The Social Justice Committee meets regularly on the third Sunday of the month after service via Zoom. The meeting is open to all who are interested.
The path of Social Justice at UUFHC is determined each year based on the need and interest of our membership. Funds for the committee's work are supplied via special monthly collections during our Sunday morning services, September through June. The Social Justice Committee strives to educate our community about social justice issues using many sources, including those provided by the UU College and Social Justice, monthly documentary nights, and hands-on volunteer opportunities.
In 2020, the U.S. had one death by suicide every 11 minutes. Suicide is a leading cause of death for people aged 10-34 years old. The Substance Abuse and Mental Health Services Administration (SAMHSA) is an agency in the U.S. Department of Health and Human Services. SAMHSA’s mission is to reduce the impact of substance abuse and mental illness on America’s communities.
Persons experiencing a mental health crisis have a new way to reach out for help.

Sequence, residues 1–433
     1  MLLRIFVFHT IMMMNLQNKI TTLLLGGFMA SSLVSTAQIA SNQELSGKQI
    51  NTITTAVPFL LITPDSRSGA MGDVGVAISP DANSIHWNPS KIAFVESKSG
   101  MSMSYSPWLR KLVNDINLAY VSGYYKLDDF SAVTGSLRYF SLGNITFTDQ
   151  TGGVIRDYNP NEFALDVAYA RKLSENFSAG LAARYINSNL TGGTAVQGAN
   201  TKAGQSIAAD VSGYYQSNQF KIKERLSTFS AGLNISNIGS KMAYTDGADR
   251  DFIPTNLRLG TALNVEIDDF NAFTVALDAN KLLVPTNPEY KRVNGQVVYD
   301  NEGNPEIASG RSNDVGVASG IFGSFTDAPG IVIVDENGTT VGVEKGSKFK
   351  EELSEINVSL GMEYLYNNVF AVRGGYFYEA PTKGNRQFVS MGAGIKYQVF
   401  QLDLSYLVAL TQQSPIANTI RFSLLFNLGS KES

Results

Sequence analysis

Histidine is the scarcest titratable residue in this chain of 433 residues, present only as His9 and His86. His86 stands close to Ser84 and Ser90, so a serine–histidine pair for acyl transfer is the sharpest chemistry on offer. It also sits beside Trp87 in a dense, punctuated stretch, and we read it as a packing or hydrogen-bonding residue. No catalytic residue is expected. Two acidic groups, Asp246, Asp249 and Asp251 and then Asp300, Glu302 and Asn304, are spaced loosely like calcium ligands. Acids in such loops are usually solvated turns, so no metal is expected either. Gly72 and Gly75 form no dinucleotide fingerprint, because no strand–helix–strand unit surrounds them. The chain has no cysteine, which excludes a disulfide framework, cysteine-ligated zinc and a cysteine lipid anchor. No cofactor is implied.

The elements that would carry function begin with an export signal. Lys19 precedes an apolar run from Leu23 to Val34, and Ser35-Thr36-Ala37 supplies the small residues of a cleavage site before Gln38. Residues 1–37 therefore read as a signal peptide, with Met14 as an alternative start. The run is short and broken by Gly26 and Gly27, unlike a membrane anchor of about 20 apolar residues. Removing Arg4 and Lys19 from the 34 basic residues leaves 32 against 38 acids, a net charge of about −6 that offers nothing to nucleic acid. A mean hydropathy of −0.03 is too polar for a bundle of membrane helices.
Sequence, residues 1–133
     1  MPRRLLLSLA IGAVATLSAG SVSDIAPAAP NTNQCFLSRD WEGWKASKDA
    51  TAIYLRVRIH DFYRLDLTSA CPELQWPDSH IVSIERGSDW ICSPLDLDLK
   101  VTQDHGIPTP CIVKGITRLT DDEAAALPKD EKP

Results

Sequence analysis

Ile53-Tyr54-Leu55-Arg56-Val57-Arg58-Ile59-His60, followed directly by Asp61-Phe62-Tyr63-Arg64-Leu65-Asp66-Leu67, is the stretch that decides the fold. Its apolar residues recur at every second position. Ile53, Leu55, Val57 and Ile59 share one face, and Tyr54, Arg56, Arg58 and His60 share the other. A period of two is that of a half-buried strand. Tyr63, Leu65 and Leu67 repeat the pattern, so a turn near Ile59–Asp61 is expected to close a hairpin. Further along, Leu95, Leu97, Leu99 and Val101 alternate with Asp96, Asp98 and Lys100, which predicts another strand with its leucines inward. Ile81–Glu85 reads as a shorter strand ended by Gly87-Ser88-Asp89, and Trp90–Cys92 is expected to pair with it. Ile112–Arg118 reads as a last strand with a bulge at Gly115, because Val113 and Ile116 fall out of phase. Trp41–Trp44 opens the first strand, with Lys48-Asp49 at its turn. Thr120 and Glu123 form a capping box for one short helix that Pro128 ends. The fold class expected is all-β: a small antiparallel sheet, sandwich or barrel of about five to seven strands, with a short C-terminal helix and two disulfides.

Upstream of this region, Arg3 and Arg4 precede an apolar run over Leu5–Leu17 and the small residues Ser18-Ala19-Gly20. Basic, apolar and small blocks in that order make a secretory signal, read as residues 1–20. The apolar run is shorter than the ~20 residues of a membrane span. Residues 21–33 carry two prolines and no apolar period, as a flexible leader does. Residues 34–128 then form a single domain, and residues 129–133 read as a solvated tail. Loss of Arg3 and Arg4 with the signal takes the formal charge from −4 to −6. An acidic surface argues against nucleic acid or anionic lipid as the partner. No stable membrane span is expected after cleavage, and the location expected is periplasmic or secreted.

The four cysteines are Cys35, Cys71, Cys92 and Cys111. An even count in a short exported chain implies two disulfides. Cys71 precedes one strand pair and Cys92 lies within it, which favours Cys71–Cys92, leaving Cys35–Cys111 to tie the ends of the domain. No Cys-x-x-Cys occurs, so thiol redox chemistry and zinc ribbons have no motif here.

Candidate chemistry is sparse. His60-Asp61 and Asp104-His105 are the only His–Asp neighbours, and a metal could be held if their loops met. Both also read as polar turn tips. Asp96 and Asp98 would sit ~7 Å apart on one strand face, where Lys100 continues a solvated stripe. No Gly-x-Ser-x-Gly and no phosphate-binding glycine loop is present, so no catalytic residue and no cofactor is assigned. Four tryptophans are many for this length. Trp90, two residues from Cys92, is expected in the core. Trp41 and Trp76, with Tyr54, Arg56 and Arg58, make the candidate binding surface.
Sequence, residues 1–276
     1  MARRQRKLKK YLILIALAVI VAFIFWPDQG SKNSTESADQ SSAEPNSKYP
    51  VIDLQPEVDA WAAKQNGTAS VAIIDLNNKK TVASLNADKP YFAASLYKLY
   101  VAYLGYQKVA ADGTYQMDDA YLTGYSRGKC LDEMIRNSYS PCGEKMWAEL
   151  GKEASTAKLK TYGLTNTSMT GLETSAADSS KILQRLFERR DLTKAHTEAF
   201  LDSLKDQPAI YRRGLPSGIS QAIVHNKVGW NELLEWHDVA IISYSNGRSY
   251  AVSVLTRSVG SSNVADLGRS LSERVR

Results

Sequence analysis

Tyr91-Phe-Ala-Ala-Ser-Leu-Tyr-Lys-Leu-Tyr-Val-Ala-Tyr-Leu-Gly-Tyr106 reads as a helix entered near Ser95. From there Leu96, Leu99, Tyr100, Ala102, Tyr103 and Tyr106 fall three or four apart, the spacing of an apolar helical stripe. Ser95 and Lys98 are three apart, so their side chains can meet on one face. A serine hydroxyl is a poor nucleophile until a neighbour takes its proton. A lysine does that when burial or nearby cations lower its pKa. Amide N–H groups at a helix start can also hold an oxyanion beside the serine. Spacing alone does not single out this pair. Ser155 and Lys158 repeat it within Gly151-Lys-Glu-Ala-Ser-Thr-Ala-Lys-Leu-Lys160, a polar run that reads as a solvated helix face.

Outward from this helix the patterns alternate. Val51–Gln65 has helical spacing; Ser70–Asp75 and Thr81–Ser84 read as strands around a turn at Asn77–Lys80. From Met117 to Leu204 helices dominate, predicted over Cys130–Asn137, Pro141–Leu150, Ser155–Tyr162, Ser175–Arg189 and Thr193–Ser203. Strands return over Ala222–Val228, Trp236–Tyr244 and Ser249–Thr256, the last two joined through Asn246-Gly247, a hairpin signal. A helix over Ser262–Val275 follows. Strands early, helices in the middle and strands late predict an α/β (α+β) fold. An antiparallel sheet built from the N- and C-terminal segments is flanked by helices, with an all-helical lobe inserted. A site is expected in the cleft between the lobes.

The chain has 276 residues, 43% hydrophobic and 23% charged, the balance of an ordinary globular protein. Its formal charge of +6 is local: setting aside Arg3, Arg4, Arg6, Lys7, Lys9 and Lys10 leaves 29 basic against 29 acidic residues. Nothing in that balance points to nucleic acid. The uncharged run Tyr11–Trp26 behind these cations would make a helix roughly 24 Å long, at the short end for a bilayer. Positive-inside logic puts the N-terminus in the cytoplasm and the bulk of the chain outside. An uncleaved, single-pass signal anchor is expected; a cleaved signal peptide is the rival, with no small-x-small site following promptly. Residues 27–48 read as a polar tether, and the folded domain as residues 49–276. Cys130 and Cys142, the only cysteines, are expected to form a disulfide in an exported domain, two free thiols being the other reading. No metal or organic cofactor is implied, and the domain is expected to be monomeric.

Modeled after 911, the three-digit 988 Suicide & Crisis Lifeline is designed to be a memorable and quick number that connects people who are suicidal or in any other mental health crisis to a trained mental health professional.
Their web page contains the history of the new hotline, links to suicide statistics, links to suicide prevention resources, and more. Here's the link:
988 Suicide and Crisis Lifeline – SAMHSA
The Community Outreach Committee (COC) was recently established as an extension of the work accomplished by the COVID-19 Relief Project that was completed earlier in 2020. The mission of this committee is:
The idea behind this mission is to help and support UUFHC-initiated projects that focus on helping folks within our local community, many of whom are experiencing particularly hard times during the COVID-19 pandemic. Several examples of this work include:
The Sharing Table on Saturday, January 30. UUFHC, with support from UU Fallston, served 275+ people.
In February of 2022 our Fellowship chose to partner with two other faith communities to support an Afghan refugee family.
The Noori family of 13, arrived on Valentine's Day, and with them came all of the challenges you might expect from a family with 11 children, one of whom was born in route to America. No one in the family had ever been to school, had never visited a doctor or dentist, and had no knowledge of the English language. And thus, our journey began. Representatives from each of the church communities formed a core group who laid out all of the areas of service that needed to be provided, and worked to engage other volunteers to accomplish these goals.
We have all learned so much over the past year about the Afghan culture, about each other, and about ourselves. Our core group met every week (46 meetings in all) as well as numerous interactions by email and phone. There were more than 25 volunteers from UUFHC that helped make all of this happen.